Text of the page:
It's a going to be very non-traditional Broadway show," explains producer Jordan Roth, who is bringing the original stage version of The Rocky Horror Show to a Tony eligible theatre in time for a Halloween opening this season.
"Rocky Horror will come straight to a Broadway house," Roth added, with no out-of-town tryout.
Director Christopher Ashley (Drama Dept.'s Communicating Doors, As Thousands Cheer and Claudia Shear's Blown Sideways Through Life at the New York Theatre Workshop) will helm the show, Roth said.
The son of producer Daryl Roth (Wit, Three Tall Women and The Bomb-itty of Errors) and himself the producer of the Off-Broadway hit, The Donkey Show, Roth told Playbill On-Line that he is also well into negotiations for his entire creative team, which may be announced shortly. Theatre negotiations are also well underway, but the real scuttlebut on the show involves casting, which is being done by Bernard Telsey.
Production sources confirm that Broadway singer and actress Alice Ripley (The Dead, Side Show), actress and comedienne Lea De Laria (On the Town) and performance artist Sandra Bernhard have all been in to do what were described as "drop dead brilliant meetings, auditions and presentations," for the show. Reports that any parts have actually been cast are premature, sources said. In 1996, the New York Post linked Sandra Bernhard to a Broadway revival of Rocky Horror in which she would have bended gender and played Frank 'n' Furter. That production never materialized and, for this go 'round, Bernhard is rumored to be in line for the role of Magenta.
Roth said the show will be "absolutely as interactive" as audiences would expect The Rocky Horror Show to be. Over the years, the stage and film versions of the show have engendered a strong fan base, which, despite its size, has been described as a cult following. "People can expect the show to be done in the same way that audiences have always responded to Rocky Horror," Roth said, "meaning the way that the music and characters inspire people to sing and dance and interact with each other. That's the experience of the Rocky Horror show live."
The stage version of the show ran on Broadway for about one month in 1975. The film version, "The Rocky Horror Picture Show," was also released in 1975 and was directed by Jim Sharman. The film featured many members of the Broadway cast and starred Tim Curry, Susan Sarandon, Barry Bostwick, Richard O'Brien, Jonathan Adams, Meatloaf, Little Nell (Campbell), Charles Gray and Patricia Quinn.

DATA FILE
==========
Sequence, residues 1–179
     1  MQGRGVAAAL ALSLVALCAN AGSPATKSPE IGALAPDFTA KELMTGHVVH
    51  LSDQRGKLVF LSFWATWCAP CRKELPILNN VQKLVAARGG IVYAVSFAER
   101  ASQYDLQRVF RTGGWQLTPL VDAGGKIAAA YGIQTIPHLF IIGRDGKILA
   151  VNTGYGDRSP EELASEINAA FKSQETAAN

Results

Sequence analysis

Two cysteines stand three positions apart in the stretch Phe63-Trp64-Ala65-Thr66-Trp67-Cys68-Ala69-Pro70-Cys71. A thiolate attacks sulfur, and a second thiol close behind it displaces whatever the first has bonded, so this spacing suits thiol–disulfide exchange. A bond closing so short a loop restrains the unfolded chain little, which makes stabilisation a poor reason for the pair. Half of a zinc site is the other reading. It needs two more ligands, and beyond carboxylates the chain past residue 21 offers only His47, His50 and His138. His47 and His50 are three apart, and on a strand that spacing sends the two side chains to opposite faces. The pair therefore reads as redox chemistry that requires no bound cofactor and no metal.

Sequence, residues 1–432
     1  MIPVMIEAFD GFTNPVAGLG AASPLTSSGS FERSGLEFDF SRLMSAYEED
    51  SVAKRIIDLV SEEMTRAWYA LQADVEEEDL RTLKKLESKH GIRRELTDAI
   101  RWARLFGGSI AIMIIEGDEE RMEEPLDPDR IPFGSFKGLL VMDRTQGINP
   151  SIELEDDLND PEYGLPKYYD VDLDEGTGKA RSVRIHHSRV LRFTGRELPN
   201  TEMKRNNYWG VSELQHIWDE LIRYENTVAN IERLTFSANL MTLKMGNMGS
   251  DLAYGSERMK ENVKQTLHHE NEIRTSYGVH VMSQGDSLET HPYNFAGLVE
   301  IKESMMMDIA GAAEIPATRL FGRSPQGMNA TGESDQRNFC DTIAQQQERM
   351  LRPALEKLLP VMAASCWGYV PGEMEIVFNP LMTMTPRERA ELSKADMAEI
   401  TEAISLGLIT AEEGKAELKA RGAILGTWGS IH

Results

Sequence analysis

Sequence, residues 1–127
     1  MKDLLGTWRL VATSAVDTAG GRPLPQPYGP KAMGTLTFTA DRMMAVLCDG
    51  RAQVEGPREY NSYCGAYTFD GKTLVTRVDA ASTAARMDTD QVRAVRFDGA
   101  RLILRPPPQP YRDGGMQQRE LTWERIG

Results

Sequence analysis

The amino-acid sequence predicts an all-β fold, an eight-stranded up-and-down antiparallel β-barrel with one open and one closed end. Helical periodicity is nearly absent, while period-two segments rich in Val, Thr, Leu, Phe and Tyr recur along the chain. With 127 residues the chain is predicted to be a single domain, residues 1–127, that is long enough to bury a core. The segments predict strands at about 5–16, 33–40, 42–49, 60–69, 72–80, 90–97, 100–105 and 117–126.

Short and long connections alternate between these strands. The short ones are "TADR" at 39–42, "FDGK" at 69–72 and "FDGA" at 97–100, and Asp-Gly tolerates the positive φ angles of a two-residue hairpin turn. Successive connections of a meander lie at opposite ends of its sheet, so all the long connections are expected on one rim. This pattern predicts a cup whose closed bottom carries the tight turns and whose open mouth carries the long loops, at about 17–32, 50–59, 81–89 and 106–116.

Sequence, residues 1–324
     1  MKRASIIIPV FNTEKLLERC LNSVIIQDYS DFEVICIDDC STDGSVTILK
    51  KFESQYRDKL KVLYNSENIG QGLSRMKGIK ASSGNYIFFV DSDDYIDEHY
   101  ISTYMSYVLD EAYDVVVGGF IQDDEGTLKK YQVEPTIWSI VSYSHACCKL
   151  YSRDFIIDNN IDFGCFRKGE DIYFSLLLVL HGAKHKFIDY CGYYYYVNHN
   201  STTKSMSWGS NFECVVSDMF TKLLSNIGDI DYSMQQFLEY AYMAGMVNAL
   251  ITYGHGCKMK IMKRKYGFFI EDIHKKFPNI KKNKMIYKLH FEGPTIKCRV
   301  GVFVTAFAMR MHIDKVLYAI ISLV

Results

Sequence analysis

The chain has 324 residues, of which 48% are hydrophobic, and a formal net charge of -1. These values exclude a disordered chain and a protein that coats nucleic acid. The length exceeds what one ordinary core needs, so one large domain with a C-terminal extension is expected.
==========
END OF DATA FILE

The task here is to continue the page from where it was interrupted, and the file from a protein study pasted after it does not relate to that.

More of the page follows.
The devout within the sprawling Rocky Horror cult can take solace in the producer's assurance of artistic purity. Though Roth's current Off Broadway show, The Donkey Show was adapted from Shakespeare's A Midsummer Night's Dream and his mother's recent hit, The Bomb-itty of Errors was based on the Bard's Comedy of Errors, there is no adaptation planned for The Rocky Horror Picture Show.
"This is not going to be an adaptation," Roth insists. "The movie was actually based on the original stage show, which it followed quite faithfully. This is the stage show and it's not adapted, reworked or 'reconcepted.' But, it is certainly going to be a 'Rocky Horror' experience unlike any other."
Roth said he is impressed by the "serious interest he has already seen over the production. "It's truly remarkable to see the amount of talent from the theatre world and from other worlds," Roth said. "Everybody really has a wonderful connection to this material and a memory of the first time they saw it."
The Rocky Horror Show is currently scheduled to start previews Oct. 3, in preparation for a Halloween opening. But where? The Henry Miller Theatre at 124 W. 43 St., which is once again Tony eligible, is a likely candidate. This is the theatre where both Cabaret and Rollin' on the T.O.B.A. were staged, when it was run as the Kit Kat Klub. Though mentioned as a likely destination for Rocky Horror, production sources suggest that other venues are being considered.
Either way, producer Roth predicts, "It'll be the Halloween Party of the year."